It has been found that the above objects of the present invention are achieved by preparing silver halide grains in the presence of a silver halide solvent of the formula (I): ##STR2## wherein R1, R2, R3 and R4 are each a substituted or unsubstituted alkyl group, a substituted or unsubstituted alkenyl group (e.g., allyl group), a substituted or unsubstituted aryl group or a substituted or unsubstituted nitrogen-containing heterocyclic ring; or R1 and R2, R2 and R3, or R3 and R4 may combine to form a 5- or 6-membered heterocyclic ring; provided at least one of R1 to R4 is a 5- or 6-membered nitrogen-containing heterocyclic ring, an alkyl group or aryl group substituted with an amino group, an alkyl group substituted with a nitrogen-containing heterocyclic ring, or R1 and R2, R2 and R3, or R3 and R4 form a 5- or 6-membered nitrogen-containing heterocyclic ring having at least two nitrogen atoms.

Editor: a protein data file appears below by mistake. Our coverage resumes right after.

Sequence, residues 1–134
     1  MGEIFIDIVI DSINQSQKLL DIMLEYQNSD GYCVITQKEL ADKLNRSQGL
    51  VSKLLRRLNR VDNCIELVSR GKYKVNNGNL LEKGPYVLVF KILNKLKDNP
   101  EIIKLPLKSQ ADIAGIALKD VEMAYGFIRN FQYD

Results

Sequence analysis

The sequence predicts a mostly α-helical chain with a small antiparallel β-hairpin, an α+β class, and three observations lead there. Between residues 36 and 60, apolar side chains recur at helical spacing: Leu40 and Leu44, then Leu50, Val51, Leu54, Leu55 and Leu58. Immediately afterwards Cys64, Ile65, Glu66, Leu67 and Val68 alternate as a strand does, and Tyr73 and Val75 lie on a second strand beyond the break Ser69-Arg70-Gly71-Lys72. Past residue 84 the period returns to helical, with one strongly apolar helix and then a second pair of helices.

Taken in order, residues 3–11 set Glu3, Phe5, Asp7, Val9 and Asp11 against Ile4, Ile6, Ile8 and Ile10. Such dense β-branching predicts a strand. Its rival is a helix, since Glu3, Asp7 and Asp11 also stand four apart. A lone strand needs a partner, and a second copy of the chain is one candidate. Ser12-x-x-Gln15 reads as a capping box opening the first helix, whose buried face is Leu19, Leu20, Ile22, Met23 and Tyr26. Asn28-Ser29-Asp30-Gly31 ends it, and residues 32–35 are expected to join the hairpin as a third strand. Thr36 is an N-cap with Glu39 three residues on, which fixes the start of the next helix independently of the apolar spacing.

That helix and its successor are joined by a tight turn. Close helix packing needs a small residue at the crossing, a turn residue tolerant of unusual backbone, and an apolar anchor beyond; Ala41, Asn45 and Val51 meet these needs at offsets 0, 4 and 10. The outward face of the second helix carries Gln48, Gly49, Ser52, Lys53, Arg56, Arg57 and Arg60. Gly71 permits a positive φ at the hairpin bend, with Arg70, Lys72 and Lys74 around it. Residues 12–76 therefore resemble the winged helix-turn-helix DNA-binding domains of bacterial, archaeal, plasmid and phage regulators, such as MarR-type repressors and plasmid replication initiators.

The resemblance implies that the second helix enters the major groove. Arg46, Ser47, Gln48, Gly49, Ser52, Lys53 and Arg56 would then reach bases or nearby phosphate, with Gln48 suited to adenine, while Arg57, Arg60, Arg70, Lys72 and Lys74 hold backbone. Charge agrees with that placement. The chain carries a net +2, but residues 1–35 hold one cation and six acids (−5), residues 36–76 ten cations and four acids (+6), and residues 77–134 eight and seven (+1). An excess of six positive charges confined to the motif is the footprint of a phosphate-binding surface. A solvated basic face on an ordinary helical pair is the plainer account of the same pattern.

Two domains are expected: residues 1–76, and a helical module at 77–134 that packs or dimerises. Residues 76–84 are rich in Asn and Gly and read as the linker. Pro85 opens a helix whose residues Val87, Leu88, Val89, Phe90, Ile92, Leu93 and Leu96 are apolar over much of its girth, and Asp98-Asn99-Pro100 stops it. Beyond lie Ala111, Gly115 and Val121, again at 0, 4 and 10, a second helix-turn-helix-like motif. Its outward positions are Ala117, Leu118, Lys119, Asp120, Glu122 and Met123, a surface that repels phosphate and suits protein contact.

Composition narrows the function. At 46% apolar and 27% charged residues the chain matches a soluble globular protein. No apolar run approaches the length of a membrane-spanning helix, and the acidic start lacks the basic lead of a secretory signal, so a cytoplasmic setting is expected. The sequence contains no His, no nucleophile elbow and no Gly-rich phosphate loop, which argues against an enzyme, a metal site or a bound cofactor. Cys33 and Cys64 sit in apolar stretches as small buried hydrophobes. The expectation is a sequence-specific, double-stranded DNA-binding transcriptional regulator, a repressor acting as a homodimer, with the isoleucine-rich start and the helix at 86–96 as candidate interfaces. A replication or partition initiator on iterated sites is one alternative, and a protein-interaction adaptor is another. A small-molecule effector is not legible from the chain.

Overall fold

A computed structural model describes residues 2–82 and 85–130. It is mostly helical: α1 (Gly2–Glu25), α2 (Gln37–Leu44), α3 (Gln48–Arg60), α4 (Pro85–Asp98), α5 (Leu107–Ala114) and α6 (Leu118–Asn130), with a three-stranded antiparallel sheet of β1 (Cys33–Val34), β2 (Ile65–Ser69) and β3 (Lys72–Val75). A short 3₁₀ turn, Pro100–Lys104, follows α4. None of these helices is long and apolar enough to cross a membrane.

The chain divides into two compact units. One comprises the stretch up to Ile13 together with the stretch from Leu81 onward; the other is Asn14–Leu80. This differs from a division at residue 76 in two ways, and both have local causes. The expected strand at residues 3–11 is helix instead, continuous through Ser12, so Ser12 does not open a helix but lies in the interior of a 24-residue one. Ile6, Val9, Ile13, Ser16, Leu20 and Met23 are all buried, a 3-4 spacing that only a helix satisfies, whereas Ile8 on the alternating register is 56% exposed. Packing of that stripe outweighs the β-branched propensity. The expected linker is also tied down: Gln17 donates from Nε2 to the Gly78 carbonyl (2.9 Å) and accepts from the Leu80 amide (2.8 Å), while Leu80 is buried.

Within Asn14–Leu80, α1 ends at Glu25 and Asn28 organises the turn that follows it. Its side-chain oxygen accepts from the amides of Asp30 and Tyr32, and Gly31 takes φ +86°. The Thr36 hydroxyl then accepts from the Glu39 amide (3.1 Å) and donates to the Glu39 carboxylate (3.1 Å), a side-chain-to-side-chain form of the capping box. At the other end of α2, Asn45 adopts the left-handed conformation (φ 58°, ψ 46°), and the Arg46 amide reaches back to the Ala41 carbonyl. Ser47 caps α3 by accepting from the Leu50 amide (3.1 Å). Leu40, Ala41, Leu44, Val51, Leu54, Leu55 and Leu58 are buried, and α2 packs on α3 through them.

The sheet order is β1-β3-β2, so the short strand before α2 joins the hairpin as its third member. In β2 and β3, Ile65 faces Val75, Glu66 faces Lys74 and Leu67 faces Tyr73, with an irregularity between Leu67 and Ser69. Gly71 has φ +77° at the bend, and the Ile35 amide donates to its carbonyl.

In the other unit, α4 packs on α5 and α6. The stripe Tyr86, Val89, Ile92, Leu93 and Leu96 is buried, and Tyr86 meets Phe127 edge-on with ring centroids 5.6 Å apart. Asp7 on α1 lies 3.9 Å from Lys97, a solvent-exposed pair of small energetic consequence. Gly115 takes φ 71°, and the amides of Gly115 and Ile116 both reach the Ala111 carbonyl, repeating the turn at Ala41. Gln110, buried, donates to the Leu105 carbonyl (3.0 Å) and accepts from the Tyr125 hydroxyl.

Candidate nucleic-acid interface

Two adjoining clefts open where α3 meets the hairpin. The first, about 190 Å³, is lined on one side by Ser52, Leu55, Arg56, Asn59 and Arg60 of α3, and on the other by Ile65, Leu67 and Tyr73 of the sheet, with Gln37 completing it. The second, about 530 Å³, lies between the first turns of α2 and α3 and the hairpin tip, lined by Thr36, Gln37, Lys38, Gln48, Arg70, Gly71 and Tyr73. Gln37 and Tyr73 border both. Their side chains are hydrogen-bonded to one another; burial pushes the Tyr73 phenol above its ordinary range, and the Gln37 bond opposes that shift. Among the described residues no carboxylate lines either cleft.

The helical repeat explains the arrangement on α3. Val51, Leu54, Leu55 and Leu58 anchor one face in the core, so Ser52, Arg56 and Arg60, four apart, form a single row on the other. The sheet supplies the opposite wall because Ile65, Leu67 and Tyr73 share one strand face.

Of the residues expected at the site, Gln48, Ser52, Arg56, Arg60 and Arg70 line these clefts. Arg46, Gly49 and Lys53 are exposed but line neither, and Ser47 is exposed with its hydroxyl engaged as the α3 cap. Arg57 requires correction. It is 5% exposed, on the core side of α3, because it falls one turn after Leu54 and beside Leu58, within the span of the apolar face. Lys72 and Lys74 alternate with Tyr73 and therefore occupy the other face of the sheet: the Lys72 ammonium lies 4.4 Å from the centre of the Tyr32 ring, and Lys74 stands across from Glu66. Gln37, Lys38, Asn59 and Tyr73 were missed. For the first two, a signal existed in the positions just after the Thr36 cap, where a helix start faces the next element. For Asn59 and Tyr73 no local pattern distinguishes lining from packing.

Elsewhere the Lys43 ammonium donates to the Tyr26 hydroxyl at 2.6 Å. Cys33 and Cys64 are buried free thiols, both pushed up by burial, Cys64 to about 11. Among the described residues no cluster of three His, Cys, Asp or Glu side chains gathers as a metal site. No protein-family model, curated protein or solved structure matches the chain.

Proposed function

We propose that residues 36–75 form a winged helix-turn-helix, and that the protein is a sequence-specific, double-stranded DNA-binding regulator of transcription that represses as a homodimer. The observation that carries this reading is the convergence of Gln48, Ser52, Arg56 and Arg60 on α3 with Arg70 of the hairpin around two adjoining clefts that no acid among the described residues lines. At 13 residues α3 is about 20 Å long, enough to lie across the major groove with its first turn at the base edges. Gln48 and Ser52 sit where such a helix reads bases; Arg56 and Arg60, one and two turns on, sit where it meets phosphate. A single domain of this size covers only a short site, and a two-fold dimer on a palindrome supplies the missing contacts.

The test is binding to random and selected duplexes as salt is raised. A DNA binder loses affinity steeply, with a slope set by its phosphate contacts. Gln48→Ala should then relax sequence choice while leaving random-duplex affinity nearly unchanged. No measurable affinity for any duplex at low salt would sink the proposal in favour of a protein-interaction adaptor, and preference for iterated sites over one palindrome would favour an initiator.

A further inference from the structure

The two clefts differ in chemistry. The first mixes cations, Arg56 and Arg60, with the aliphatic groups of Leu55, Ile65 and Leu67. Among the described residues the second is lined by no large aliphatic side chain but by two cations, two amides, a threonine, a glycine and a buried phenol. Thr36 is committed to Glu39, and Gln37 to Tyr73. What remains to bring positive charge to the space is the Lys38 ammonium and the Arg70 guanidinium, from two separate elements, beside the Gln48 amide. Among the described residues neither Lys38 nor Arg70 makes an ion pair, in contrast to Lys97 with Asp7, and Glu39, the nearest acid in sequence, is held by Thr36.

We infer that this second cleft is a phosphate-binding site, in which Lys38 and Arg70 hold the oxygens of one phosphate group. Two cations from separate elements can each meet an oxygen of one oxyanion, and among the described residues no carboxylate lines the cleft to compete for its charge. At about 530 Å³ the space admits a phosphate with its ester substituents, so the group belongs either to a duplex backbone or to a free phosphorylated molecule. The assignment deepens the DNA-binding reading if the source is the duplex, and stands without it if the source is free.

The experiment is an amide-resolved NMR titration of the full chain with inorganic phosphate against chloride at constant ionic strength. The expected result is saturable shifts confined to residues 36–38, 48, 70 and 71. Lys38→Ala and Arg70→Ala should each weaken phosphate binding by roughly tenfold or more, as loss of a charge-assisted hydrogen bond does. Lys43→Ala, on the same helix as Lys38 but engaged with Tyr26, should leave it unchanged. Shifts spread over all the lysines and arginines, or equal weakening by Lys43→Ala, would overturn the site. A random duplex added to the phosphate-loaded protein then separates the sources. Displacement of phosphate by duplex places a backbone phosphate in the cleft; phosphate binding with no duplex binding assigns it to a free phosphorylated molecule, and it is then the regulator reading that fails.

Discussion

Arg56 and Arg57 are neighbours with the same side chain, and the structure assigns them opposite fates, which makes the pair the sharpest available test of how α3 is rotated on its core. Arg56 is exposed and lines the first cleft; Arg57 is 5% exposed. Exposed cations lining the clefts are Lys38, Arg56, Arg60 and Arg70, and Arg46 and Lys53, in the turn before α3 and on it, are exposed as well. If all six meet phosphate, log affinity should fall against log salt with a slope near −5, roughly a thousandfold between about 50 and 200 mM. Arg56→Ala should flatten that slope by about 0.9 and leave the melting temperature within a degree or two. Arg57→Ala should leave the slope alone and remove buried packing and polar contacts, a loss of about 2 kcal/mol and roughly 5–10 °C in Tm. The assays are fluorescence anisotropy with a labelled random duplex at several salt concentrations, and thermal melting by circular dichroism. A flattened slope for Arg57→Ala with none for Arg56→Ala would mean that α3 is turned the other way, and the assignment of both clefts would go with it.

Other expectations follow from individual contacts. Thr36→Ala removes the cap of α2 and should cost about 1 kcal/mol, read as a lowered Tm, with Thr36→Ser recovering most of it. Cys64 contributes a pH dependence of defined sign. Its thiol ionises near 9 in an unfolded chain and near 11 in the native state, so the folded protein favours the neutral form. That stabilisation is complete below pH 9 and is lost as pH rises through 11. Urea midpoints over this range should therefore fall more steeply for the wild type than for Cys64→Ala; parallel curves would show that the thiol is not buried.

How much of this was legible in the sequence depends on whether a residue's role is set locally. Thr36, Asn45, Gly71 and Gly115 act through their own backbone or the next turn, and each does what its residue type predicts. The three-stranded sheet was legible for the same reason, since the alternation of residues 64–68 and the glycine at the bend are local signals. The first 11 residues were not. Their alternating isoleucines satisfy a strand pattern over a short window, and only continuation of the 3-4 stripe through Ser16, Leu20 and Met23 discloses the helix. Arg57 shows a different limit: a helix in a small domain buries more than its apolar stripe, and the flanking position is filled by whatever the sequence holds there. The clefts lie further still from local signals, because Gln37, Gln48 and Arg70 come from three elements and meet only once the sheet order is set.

Preferably, the emulsion of this invention is prepared by a process which comprises reacting a water-soluble silver salt with a water-soluble halide within a liquid reaction medium (e.g., an aqueous solution of hydrophilic colloid) containing a silver halide solvent of the formula (I).
The silver halide solvent of the formula (I) may be added in any step of the emulsion making process until the final size and shape of the silver halide grains is determined. For example, the solvent of the formula (I) is added to a colloidal substance in which silver halide is precipitated. It may be added in combination with any of the water-soluble salts used to form silver halide such as water-soluble silver salts (e.g., silver nitrate) or water-soluble halides (e.g., potassium bromide, sodium chloride and other alkali metal halides). It may also be added between two or more steps of the emulsion making process, but must be added prior to physical ripening of the silver halide.
The emulsion of this invention can be prepared by any conventional method described in P. Glafkides, Chimie et Physique Photographique, (Paul Montel, 1967), G. F. Duffin, Photographic Emulsion Chemistry, (The Focal Press, 1966), or V. L. Zelikman et al., Making and Coating Photographic Emulsions, (The Focal Press, 1964).
The water-soluble silver salt may be reacted with the water-soluble halide by sequential mixing, simultaneous mixing or a combination of the two methods. One possible example of the simultaneous mixing is the "controlled double-jet method" which can maintain a constant pAg level in the liquid phase wherein silver halide is formed.